The 8th century was the start of the Gaonic Era in Jewish history. The great Jewish academies of scholarship and theological study in Babylon had continued to thrive since the completion of the Babylonian Talmud. These schools had grown in importance with the spread of the Jewish Diaspora over the world. Rabbis and exilarchs, Jewish community leaders in non Jewish lands, would send them questions on Jewish law and how to interpret ancient scriptures to apply in contemporary situations. The geonim, or geniuses, would debate these questions publicly, or put them to students as a test of their skills. The answers were recorded and sent back as Responsa.
Geonims were professors, supreme court justices, and religious arbitrators, though the position was achieved through longevity not merit. Most gaon over the four centuries of the era came from just seven Iraqi Jewish families. Of the many men, only a few dozen were truly exceptional and well remembered for their significant contributions to Judaic law and writing. Over time the success of the academies’ first goal of spreading the Talmud and Talmudic study made reliance on the gaon less necessary. Rivalry between the schools at Sura and Pumbedita and decreased financial support from the Diaspora weakened their standing as the centuries passed.
Life for Jews under the Umayyad caliphate was much like life under the Rashidun caliphate. They were second class citizens but probably not severely persecuted. Evidence suggests the Muslim minority in power depended on a large, higher taxed population of non Muslims to support the treasury, and this was one reason mass conversion was in fact discouraged. Dhimmi status was chosen by the Muslims as a tactic to prevent rebellion and uprising from conquered people, so they at least must have considered it preferable to other contemporary approaches.
To the east in the Christian Byzantine Empire, Leo III did not have the same feeling. After a narrow victory against Muslim invaders the devout emperor decided the problem with his kingdom was its religious plurality. In 722 Leo ordered that all Jews and Montanists be forcibly baptised. Montanists were a prophetic branch of Christianity, which held that women could be bishops, the Holy Spirit could speak through its prophets, and generally followed ascetic practices such as fasting. Three Montanist martyrs locked themselves inside their houses of worship and burned them to the ground rather than be baptised, but it did not inspire any uprising among their coreligionists.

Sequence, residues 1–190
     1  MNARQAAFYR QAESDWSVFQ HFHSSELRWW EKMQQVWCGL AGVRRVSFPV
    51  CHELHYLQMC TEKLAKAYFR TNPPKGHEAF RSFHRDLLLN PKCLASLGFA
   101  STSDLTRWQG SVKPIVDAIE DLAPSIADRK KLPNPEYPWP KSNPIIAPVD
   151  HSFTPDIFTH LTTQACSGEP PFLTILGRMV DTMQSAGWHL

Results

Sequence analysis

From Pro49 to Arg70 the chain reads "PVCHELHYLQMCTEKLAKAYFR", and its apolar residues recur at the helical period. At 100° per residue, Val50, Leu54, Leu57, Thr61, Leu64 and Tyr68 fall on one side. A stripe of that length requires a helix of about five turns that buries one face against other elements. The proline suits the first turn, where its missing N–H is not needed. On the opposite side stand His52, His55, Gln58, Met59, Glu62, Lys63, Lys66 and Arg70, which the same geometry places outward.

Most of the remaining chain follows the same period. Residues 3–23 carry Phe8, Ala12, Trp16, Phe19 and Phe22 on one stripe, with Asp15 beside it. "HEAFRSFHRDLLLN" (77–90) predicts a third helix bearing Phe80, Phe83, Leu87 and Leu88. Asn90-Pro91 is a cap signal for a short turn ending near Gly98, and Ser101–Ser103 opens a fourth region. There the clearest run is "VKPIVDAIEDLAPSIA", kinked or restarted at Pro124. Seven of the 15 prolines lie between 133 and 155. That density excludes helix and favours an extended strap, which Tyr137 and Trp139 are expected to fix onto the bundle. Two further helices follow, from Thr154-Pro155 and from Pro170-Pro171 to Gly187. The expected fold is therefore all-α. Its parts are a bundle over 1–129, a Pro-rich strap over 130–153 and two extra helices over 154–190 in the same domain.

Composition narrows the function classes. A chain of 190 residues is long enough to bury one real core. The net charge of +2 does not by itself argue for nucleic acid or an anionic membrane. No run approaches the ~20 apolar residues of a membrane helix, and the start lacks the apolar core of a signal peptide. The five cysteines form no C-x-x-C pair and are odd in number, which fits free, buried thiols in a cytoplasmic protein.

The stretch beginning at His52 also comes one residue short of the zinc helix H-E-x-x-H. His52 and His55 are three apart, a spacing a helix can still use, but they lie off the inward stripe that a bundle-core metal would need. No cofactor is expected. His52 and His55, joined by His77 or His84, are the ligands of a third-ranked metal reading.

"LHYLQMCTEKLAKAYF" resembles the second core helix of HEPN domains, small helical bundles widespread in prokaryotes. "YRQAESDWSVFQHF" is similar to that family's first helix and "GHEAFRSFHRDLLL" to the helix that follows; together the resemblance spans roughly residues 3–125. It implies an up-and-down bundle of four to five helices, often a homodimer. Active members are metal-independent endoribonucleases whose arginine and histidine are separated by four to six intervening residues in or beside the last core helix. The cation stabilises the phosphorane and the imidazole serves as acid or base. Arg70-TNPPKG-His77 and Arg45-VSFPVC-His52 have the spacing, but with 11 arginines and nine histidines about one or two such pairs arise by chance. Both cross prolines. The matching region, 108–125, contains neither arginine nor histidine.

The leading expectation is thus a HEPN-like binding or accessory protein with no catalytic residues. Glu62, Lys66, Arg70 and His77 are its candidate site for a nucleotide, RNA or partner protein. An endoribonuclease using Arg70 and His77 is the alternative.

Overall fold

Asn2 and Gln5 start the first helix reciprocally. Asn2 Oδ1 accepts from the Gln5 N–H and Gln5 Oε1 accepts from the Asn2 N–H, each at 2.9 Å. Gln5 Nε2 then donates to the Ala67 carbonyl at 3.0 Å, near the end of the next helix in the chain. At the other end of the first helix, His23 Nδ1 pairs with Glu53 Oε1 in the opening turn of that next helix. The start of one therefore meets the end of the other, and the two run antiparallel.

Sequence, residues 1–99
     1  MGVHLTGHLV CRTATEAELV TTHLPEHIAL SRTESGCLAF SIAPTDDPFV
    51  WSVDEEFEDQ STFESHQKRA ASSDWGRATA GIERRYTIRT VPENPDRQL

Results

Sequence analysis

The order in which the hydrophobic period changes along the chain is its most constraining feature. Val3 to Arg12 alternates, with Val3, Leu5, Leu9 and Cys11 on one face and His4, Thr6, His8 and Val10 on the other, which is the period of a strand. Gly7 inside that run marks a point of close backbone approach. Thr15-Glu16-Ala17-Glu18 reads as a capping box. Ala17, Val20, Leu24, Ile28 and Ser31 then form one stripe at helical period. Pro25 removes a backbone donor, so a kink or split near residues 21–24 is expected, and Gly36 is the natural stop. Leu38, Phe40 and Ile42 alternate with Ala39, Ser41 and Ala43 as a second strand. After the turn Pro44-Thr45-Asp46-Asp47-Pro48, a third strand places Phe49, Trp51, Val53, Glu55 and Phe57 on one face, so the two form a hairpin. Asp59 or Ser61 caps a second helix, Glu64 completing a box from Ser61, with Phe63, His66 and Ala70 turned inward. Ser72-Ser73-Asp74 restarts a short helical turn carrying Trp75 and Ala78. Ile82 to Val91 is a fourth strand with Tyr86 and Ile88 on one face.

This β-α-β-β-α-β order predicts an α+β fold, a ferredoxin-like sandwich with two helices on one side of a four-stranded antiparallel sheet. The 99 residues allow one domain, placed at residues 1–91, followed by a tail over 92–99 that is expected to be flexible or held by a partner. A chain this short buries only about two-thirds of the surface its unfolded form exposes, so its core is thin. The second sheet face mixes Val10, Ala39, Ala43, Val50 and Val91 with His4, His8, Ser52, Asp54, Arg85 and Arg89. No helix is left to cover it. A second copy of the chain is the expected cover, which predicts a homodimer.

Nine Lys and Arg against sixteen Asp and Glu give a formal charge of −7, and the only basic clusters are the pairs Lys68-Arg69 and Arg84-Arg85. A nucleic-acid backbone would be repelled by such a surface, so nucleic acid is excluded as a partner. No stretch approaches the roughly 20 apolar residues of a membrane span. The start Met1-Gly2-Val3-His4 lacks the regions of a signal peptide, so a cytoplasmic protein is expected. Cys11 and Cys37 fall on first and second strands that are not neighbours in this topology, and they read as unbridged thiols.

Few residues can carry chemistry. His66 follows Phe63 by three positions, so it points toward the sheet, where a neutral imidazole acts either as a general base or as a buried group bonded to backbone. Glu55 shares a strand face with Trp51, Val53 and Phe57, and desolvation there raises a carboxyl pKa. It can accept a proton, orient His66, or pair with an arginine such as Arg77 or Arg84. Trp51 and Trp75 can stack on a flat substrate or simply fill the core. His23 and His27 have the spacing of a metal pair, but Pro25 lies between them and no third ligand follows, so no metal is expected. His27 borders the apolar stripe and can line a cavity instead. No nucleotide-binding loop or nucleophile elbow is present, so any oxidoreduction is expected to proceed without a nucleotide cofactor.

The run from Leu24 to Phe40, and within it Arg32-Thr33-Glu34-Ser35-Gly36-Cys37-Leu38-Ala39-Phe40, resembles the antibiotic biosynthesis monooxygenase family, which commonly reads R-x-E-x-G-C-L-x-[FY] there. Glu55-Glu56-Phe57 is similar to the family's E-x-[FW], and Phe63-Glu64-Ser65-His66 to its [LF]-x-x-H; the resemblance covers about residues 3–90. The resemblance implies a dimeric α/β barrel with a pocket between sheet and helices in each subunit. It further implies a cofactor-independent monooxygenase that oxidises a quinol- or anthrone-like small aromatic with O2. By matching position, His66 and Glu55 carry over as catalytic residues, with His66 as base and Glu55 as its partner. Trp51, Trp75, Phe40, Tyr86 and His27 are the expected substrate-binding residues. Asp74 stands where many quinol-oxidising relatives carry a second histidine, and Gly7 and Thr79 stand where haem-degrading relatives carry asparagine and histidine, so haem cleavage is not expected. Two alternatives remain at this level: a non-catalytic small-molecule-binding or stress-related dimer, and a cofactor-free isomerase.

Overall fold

Many Byzantine Jews fled to Bulgaria, but many others stayed. Most of these forcibly baptised Jews continued to still be Jewish in their hearts, and to practice Judaism secretly in their homes. Jewish mothers created “depatism” rituals, to wash away the dedication to Jesus Christ another had imposed upon their children. Men would stand guard outside the home while women made matzahs as they sang special prayers. Parents taught their children both their Jewish heritage, and how to hide their connection to it. These were “crypto Jews.”
Because of the endless campaigns of persecution against Jews for simply retaining their Jewishness, and because of their strong desire to continue doing so in the face of that, Jews have had to adapt. There is a Hebrew word anusim. In simple terms it means “forced ones”. In detail, this explanation from Jewish Virtual Library says it best. “Persons compelled by overwhelming pressure, whether by physical threats, physiological stress, or economic sanctions, to adjure Judaism and adopt a different faith.” Many anusim were were crypto Jews.